The Tulsa Tornado of 6 August 2017

On Sunday I awoke to a news story that a tornado had hit Tulsa, Oklahoma. This was about one week after the Edmond Earthquakes. It reminds us that Oklahoma is a dangerous state (about which I have written before).

First of all, when I moved to Tulsa in 1973, I was told tornadoes never hit Tulsa because the Arkansas river, on the west side of town, somehow protects the city. However, a few years later a tornado did hit. And one also hit just last Sunday. A small one, yes, but it caused a lot of damage.

Business damage in midtown Tulsa (source: Tulsa World).

The National Weather Service has confirmed that a total of three tornadoes tore through Green Country early Sunday morning.

THE FIRST TORNADO, AN EF2, TOUCHED DOWN IN TULSA at 1:19 a.m. and traveled nearly seven miles. Next, the second tornado struck Broken Arrow at 1:27 a.m. and was given an EF1 rating. Lastly, the third and final tornado, rated as an EF1, hit Oologah around 1:32 a.m. and traveled about 4.5 miles, according to the National Weather Service.

The first one was in midtown Tulsa, close to 41st and traveled from Yale to Mingo (see map of tornado path below). An EF2 has speeds between 111 and 135 mph.

“Next thing I know something just went boom and hit me in the back of my head and we [she and her baby] went flying and that’s all I can remember.” Celia Daniel crawled to safety after a wall of bricks fell on her. She has fractured vertebrae. Click on the photo to source, then back-arrow to return to blog.

All in all, tornadoes caused severe damage and power outages to the Tulsa area and sent more than two dozen people to the hospital. But there have been no deaths thankfully.
When my business partner said in an email, “Glad I no longer work there.” I didn’t know what he was talking about until I connected the dots. His previous office building, the Remington Tower, is close to 41st and Sheridan, in the path of the tornado.

The damaged Remington Tower, where my business partner Nigel Higgs used to work on the seventh floor. I suspect the foreground of the photo is property also damaged by the tornado. Click to enlarge.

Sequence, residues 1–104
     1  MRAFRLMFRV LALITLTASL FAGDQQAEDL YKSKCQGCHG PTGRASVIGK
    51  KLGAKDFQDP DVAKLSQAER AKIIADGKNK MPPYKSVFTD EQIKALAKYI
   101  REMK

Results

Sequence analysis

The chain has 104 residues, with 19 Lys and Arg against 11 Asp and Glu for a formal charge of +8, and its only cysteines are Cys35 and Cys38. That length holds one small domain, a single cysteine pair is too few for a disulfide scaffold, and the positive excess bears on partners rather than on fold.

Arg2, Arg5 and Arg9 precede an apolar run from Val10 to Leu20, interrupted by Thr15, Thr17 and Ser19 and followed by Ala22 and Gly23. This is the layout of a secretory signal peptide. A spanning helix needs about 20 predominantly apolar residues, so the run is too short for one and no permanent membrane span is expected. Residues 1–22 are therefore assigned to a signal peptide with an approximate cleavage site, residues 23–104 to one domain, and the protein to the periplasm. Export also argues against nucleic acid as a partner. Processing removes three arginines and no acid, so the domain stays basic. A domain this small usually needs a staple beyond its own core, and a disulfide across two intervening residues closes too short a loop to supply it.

NEWS ON 6 REPORTED THAT TULSA BUSINESSES TOOK A HUGE HIT in the August 6 storm, with four being destroyed, 71 received major damage, 76 had minor damage and in addition, 22 others were affected in some way by the storm, according to TAEMA.


The path of the Tulsa tornado is shown in pink below (click to source image). The track seems to be a skinny path compared with tornados with higher EF numbers. Click here to read my blog on the widest-ever tornado of width 2.6 miles – also in Oklahoma — an EF5 which means wind speed greater than 200 mph.

In conclusion, I thank Jimmy Carter of Tulsa, who kindly sent me links to the tornado hit in Tulsa.

The Gray Nomad ….. Think well.

In May 2013 an EF5 tornado hit El Reno just west of Oklahoma City. 22 people died, including three storm-chasers. This EF5 was the widest tornado ever recorded. 2.6 miles wide with winds up to 296 mph. One tragic story, which ended in death, was about a man who tried to outrun the tornado in his truck. [From my blog: What it feels like in a tornado shelter].

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Celia Daniel
Celia Daniel
5 years ago

That was my son and I in the tornado that hit August 6, 2017. I’m the one in the picture. My son and I was at TGI Fridays. Very scary, moments of impact that change your life forever. I just kept praying to the Lord above. We have God to be thankful for.

6 years ago

It was wildly violent at my house 1.5 mi away but no damage. Usually sirens wake me but there were none. The storm woke me, my cell text said tornado warning for Tulsa. TV was out, radio acting stupid. By the time i had figured it out the twister had already passed by. God protected Tulsa lives! And I still LOVE my OK life!!?

6 years ago

Thanks Ian, that is why I live in Idaho, an almost non-tornado state. It is very unfortunate that people were hurt and businesses were affected. Climate is getting warmer here, same as most everywhere, but we are high and dry here, and that helps keep tornados away they say.

Mary Ann
Mary Ann
6 years ago

A good blog Ian. Keep them coming.

Donna Cowan
6 years ago

Yeah, it was crazy, and there were no sirens. If not for the warning from Fox23 Weather I would not have known there was a tornado warning in the area. Very frustrating when we have the most advanced weather systems in the country. People were still in TGI Fridays. And the picture above shows what happened, but it doesn’t show that the back wall of Fridays was blown out completely. Nothing is there. Thankfully it was not a huge tornado like those that have hit Moore and Joplin, but it was a mess. No homes destroyed. That’s always good. Thanks for the report.

Donna Cowan
6 years ago
Reply to  Ian Palmer

They said it was because it was there before they realized it was a tornado. They thought it was only a severe thunderstorm. They did have the sirens going as it went east towards Broken Arrow. I’m not sure I buy that argument, but then again, it was a rain-wrapped tornado. They had a video of a family, including young children around 8 or 10, who were sitting in the window at Fridays on the west side that was hurt the worst. They had no idea that a tornado was coming and they were sitting there recording the storm when it hit. Here it is: YIKES! Also check out this video at Reasor’s right there at 41st and Yale.

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